> Peter Feng writes:
> We see Schindler going to the Nazi bureaucracy, INSISTING that he must
> have these particular women back.  The Nazis respond, any other women can
> do the work.  And if we are to accept Schindler as humanitarian, then we
> must wonder whether it is important that Schindler saves any Jews, any
> specific number of Jews, or these particular Jews.  (I suppose it could
> be argued that these particular women are important because they are
> related to the particular men who have already been saved... but that
> argument has its own problematic and perhaps offensive dimensions.)
To which Donald Larsson replied:
> In response:  It is a problematic moment that you cite, but perhaps the
> point being made is that Schindler had pretty much promised these particular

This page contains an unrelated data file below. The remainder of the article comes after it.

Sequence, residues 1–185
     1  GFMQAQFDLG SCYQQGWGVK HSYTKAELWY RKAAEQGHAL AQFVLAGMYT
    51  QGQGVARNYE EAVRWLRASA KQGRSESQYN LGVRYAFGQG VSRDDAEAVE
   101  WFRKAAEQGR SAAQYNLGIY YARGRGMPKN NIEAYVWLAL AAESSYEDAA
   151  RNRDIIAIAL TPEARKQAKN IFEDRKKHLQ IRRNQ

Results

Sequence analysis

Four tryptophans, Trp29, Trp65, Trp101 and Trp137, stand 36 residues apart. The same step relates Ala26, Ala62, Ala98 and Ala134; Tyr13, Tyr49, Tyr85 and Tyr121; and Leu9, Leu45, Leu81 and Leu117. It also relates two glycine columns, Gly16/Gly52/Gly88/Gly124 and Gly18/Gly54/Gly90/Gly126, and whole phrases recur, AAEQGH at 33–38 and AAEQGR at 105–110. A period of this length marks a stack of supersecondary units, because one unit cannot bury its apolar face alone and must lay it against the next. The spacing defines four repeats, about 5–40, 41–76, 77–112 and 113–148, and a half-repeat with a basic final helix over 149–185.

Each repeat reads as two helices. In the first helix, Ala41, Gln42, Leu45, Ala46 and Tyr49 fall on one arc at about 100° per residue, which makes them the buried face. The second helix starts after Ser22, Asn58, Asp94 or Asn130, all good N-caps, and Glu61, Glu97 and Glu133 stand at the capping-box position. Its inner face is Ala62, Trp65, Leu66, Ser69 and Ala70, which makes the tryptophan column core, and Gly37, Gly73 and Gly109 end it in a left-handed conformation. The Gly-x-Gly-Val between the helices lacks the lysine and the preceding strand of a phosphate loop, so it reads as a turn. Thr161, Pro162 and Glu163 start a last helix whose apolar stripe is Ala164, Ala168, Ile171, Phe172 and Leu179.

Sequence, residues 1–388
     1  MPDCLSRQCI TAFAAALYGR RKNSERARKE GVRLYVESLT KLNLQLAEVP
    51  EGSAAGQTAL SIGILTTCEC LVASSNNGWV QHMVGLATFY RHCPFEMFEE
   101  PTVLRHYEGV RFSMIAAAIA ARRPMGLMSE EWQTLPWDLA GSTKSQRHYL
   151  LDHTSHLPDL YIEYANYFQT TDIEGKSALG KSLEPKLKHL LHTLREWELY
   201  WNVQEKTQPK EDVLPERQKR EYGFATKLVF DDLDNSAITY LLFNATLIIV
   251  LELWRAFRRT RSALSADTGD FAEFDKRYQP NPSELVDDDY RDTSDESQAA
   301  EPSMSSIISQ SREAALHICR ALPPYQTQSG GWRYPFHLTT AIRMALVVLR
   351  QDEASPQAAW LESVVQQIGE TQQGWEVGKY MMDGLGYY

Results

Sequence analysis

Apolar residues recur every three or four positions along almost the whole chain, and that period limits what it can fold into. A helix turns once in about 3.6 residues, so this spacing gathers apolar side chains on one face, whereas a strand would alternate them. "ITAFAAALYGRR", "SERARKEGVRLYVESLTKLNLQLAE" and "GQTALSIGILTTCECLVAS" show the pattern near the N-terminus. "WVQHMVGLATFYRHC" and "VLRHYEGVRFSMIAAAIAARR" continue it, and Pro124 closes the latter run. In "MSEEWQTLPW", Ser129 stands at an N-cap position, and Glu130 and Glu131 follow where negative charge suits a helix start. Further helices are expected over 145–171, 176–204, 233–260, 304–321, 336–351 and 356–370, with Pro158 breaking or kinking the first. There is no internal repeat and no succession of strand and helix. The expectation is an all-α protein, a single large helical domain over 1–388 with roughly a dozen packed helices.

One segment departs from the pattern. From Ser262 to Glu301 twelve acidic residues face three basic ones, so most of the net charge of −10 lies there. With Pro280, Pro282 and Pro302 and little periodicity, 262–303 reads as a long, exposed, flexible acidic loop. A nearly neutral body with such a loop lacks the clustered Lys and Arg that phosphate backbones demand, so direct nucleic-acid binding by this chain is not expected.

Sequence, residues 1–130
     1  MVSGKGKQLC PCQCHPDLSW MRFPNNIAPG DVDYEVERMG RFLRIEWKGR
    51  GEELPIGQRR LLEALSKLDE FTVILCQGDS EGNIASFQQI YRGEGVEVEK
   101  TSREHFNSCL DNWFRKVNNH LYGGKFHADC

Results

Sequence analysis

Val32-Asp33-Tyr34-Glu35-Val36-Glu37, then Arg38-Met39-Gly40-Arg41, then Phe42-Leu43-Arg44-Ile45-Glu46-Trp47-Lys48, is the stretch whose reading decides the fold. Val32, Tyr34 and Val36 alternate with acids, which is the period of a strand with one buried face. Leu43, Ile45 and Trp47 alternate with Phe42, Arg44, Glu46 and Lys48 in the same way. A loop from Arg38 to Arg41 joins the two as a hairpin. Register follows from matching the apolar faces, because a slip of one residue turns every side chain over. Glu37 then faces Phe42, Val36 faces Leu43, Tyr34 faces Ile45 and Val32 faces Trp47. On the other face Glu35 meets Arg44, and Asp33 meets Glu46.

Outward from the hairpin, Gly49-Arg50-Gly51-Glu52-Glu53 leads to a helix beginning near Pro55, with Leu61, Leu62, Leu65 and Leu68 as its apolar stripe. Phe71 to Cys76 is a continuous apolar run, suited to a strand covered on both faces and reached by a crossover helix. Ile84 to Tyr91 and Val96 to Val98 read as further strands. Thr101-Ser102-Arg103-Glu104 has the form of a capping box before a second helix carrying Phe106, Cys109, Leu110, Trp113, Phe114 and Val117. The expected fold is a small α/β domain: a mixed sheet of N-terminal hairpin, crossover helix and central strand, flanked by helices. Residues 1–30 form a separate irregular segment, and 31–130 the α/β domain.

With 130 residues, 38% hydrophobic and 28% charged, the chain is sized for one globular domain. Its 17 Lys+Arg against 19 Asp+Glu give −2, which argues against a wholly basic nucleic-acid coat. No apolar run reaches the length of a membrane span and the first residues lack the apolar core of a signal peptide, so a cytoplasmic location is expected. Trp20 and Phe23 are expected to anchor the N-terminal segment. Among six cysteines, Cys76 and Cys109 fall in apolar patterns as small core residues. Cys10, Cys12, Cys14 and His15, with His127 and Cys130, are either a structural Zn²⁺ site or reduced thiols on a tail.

> women (who had been working for him for quite a while) that they would be
> safe in Czechoslovakia, thus making the rerouting to Auschwitz even more
> horrifying.
Larsson is of course correct, especially if we are discussing the film
in terms of motivation, i.e., what motivated Schindler in these scenes --
and the obvious answer is: he knew these women, he had promised these
particular women that he would save them.
My understanding of the thread of this discussion, however, was not that
we were concerned with attributing motive to characters [to attribute
motive is of course an important part of the process of interpretation,
assisting us in understanding character's actions] but with debating the
politics of the film with particular attention to whether it constructed
the Holocaust as an event with ennumerable effects on individuals, or as
something-more-than-an-event with incomprehensible consequences.  In the
context of such a discussion, my comments were not meant to probe into
Schindler-the-character's actions.
Peter Feng